| IUPAC name
| Other names
|Molar mass||232.66 g/mol|
|Appearance|| Red solid (α-HgS)|
Black solid (β-HgS)
|Melting point||580 °C (1,076 °F; 853 K) (decomposes)|
|Solubility||Insoluble in organic solvents|
|Vapor pressure||~0 mmHg|
Std enthalpy of
|Safety data sheet||Sigma-Aldrich|
Except where otherwise noted, data are given for materials in their standard state (at 25 °C [77 °F], 100 kPa).
Mercury sulfide, also known as mercury(II) sulfide or mercuric sulfide is a chemical compound composed with the formula HgS. It occurs naturally as the mineral cinnabar .
Mercury sulfide is resistant to the attack of most reagents, such as acids and bases.
It will however react with oxidizing mixtures at high temperatures, such as acidified dichromate solutions in conc. sulfuric acid, at temperatures above 100-150 °C.
However, mercury sulfide in cinnabar form will burn when ignited in air or a stream of pure oxygen, releasing sulfur dioxide and mercury vapors, which are very toxic and corrosive to many metals, like aluminium.
- HgS + O2 → Hg + SO2
Mercury sulfide is a red or black solid, virtually insoluble in water and all solvents. The black form is the beta-polymorph (cubic structure) while the red form is the alpha-polymorph (hexagonal structure). The two forms can be interconverted, for example the red form is transformed into the red form by extended heating in a polysulfide solution.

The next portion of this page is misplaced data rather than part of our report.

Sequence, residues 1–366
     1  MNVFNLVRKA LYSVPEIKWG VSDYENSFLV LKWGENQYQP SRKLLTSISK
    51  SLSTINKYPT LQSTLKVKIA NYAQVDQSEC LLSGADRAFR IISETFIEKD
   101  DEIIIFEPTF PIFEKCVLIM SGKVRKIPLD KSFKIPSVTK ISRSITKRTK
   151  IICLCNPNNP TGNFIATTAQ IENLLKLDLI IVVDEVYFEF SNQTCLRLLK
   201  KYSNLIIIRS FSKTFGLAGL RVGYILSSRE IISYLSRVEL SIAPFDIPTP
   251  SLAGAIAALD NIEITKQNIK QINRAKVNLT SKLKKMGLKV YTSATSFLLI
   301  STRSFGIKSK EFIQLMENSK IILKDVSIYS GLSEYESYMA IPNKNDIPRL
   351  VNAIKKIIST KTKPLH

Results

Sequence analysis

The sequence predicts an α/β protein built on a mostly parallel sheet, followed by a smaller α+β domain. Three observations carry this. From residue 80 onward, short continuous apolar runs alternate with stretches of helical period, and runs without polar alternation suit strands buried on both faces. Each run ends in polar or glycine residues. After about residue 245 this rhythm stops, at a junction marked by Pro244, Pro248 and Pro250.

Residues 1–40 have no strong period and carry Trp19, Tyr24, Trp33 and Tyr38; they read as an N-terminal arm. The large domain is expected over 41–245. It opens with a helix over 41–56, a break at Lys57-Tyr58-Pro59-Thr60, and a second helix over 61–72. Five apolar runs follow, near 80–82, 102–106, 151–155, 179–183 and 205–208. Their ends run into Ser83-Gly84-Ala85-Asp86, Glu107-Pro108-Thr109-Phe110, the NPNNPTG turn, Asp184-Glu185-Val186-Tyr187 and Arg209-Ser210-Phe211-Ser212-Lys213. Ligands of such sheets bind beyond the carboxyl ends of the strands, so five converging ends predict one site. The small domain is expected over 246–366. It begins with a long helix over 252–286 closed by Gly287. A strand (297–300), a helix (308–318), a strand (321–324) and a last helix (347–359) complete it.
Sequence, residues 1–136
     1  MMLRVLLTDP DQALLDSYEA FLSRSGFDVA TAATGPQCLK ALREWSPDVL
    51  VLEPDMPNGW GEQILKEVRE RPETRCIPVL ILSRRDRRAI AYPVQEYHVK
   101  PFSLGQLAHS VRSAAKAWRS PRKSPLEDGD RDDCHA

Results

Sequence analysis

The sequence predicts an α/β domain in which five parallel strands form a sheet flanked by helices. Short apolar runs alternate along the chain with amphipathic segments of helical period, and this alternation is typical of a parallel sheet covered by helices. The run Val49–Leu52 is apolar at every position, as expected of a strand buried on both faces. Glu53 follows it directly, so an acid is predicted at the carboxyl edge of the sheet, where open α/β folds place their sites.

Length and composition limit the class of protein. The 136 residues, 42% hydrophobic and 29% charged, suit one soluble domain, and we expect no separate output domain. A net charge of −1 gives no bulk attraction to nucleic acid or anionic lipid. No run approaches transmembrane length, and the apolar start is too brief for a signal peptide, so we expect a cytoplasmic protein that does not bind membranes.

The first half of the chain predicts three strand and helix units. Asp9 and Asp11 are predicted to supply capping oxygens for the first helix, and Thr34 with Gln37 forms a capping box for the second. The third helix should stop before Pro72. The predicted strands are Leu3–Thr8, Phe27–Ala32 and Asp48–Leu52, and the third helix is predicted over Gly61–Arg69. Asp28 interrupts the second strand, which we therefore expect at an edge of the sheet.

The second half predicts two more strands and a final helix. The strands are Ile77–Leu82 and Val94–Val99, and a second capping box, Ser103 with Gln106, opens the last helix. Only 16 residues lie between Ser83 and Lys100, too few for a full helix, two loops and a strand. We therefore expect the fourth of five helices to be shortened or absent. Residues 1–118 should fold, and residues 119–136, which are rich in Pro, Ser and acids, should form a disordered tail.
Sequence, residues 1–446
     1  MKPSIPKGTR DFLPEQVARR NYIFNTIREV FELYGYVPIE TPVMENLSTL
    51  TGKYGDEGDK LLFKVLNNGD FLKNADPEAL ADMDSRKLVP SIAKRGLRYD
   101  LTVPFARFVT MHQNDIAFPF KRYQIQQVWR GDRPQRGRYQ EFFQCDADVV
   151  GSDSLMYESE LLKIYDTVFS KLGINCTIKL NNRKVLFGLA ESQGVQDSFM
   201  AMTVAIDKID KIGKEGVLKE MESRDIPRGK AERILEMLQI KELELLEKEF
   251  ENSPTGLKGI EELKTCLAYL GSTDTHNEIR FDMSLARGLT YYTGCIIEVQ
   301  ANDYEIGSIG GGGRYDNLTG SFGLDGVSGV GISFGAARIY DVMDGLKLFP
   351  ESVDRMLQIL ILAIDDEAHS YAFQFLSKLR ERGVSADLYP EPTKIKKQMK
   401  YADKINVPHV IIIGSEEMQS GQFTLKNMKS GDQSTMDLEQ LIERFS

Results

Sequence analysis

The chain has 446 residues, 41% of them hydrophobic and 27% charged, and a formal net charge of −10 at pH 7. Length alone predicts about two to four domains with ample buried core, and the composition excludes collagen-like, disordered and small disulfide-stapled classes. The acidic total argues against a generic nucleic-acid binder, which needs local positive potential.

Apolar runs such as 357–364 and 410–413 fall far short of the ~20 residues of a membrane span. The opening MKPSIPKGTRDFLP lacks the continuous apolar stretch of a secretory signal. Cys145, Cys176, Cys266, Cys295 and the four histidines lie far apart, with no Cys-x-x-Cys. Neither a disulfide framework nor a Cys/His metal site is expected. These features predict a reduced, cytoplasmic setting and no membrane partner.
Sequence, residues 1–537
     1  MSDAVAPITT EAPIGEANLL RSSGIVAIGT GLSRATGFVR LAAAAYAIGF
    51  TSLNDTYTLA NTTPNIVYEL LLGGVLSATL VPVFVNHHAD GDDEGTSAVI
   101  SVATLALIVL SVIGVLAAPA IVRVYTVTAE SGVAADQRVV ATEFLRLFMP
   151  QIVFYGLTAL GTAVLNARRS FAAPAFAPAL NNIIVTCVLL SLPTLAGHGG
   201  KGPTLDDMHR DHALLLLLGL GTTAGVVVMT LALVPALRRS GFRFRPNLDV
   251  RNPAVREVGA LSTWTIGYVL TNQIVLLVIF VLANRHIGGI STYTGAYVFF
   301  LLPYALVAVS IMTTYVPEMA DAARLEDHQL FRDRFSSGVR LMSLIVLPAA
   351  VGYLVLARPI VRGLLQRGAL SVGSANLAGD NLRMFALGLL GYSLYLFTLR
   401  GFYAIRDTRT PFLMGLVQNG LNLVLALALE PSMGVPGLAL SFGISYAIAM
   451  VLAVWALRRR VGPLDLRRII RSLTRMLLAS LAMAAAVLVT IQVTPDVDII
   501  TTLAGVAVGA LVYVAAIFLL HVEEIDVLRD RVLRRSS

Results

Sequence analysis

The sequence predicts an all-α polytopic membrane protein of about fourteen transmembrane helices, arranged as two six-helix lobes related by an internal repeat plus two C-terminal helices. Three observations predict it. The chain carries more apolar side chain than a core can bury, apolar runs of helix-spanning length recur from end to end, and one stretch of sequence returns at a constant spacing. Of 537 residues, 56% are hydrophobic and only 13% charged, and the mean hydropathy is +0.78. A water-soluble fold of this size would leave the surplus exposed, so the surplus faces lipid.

Cinnabar can be purchased from various mineral suppliers. In some countries its sale may be regulated.
Mercury(II) sulfide can be created by adding elemental sulfur to mercury metal. Zinc powder is sometimes added to accelerate the reaction. Mercury sulfide is the main product of mercury disposal, as it is inert and safe to handle.
By precipitating mercury salts with hydrogen sulfide or soluble sulfides usually the black polymorph is obtained. Heating in polysulfide solutions convert it into the red polymorph.
- Mineral collecting
- Make elemental mercury (VERY DANGEROUS)
Cinnabar is toxic and should be handled with proper protection.
In closed containers.
Should be take to disposal centers.
- E. H. Pietsch et al., Gmelins Handbuch der anorganischen Chemie, Quecksilber Teil B Lieferung 3, 8th edition, 1968, Verlag Chemie GmbH, Weinheim/Bergstr., p. 954-967